Whatever you choose to do, make absolutely sure that the abortion is conducted under the supervision of a trained gynaecologist in a reputed clinic/ hospital. A medical abortion costs about Rs 2,000 to Rs 3,000, while a surgical one can cost anything between Rs 2,000 to Rs 30,000. A hospital or abortion clinic would be your best bet, but don't compromise on the qualifications of your gynaecologist or the reputation of the clinic/ hospital just to save a few bucks.

    The consequences of an unsafe abortion could range from haemorrhage to infertility to death. "In rural areas, young girls sometimes find themselves in the hands of quacks who pass sticks into their uterus, causing incomplete abortions, infertility and in extreme cases, even death," cautions Dr Dhanu.

    Post-abortion care is very important to ensure no long-term effects. It is recommended that you stay in regular touch with your gynaecologist for a month after the procedure, keeping him/ her in the loop regarding all developments concerning the abortion. Here is a general list of dos and dont's:

  • Get a follow-up examination done two to three weeks after your procedure.
  • Take all of your medication as prescribed.
  • Consider counselling to deal with the psychological effects of having an abortion.
  • Don't use tampons right away.
  • Don't have sexual intercourse till your gynaecologist gives you the go-ahead.
  • Don't douche.
  • Don't indulge in any physically strenuous activities.
  • Abortions and emotional turmoil

    Having an avalanche of fears, questions and feelings envelope you while considering an abortion is perfectly normal. Dr Rekha [Images] Agrawal, a Mumbai-based consulting gynaecologist explains, "It is common for young girls to be full of nervous questions when they visit. I see about seven to eight such cases every month. They may not be too young, but they are concerned about the same things -- whether anyone will find out, if future pregnancies will be affected, how much time they will have to spend in the hospital etc. Having got themselves into a pickle, they are all ears about contraception methods to ensure this never happens again."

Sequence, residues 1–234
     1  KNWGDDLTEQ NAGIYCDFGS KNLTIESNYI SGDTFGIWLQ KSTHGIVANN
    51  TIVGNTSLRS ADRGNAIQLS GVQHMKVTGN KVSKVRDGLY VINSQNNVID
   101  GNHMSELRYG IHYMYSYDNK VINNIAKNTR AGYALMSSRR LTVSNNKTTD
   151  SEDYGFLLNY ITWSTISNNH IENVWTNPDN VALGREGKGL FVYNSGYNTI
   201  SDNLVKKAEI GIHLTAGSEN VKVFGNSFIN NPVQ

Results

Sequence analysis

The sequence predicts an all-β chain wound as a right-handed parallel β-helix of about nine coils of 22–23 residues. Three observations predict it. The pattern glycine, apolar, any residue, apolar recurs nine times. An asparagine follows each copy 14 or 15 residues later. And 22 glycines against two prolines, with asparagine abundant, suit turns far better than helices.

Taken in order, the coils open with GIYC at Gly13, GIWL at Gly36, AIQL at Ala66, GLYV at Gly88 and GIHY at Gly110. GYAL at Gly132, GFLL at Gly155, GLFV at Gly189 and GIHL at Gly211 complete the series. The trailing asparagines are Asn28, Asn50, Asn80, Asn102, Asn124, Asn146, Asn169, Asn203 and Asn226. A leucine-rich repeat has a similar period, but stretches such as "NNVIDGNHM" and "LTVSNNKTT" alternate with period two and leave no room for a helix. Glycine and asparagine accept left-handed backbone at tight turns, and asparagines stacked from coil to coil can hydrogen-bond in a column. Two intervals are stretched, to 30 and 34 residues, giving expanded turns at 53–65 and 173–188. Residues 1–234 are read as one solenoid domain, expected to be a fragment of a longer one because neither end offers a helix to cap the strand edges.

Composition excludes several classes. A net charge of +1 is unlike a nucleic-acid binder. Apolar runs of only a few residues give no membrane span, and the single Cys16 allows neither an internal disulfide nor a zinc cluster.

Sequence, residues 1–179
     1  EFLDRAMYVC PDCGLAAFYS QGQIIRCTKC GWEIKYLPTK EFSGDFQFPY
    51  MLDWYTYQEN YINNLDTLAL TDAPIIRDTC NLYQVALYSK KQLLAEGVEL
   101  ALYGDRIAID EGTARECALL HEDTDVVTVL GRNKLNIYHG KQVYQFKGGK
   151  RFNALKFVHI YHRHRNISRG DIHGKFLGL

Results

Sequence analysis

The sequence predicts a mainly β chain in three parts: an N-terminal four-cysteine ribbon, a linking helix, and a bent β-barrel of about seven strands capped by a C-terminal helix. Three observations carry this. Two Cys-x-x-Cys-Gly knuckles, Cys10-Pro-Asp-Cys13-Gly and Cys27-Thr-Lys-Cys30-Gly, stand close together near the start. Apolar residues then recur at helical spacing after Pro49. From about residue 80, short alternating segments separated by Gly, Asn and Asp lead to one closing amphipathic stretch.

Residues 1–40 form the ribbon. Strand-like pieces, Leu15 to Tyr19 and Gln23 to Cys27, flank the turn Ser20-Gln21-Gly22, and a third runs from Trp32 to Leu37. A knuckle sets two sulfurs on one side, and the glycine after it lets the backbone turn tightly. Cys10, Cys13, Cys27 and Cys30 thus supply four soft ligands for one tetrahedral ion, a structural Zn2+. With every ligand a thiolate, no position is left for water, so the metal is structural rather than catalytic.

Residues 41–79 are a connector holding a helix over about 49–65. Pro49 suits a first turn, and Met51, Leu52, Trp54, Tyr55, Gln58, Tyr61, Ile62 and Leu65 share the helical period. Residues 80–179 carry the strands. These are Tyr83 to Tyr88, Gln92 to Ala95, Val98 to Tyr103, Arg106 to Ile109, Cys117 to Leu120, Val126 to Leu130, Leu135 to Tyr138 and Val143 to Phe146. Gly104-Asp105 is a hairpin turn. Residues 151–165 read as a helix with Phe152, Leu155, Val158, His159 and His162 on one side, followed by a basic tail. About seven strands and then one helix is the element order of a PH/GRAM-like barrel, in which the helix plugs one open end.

This is a stressful event in a woman's life and many couples have been known to break up over feelings of guilt, resentment and blame following an abortion. The emotional after-effects are far more severe than any physical aspect of undergoing an abortion and few women come out of the experience unchanged. It is important that the trauma be dealt with appropriately, else it could lead to long-term mental and psychological effects that might hamper future pregnancies and relationships. Dr Dalvi says, "Though boldness and practicality among young girls has increased, I have not seen a single one go through the experience without feeling guilt and stress. At the end of the day, a woman is a woman."

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    Anamika Sinha*, a student from Delhi [Images] shares her story. "I had an abortion two years ago. I was 22 years old and should have been more careful, but we always thought nothing that scary could happen to us. My boyfriend and I were terrified when we found out. I kept thinking about how happy my family would have been if I had been expecting this baby after my marriage. Then there was this heart wrenching feeling of guilt -- of what a terrible mother I was, to consider killing my own baby, who was a part of me. I also felt very scared about the longterm effects, since I didn't know anything about abortions. But then what choice did we have? We certainly couldn't have the baby and couldn't even take anyone apart from a few close friends into confidence.